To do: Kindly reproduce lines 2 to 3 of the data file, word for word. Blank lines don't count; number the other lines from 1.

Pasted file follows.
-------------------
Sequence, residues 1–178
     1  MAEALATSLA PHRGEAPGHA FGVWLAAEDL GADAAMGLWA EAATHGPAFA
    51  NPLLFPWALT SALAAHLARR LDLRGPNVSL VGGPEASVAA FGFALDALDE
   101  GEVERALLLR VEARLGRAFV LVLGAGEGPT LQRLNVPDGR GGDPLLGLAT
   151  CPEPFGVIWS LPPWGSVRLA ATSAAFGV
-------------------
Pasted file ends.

     1  MAEALATSLA PHRGEAPGHA FGVWLAAEDL GADAAMGLWA EAATHGPAFA
    51  NPLLFPWALT SALAAHLARR LDLRGPNVSL VGGPEASVAA FGFALDALDE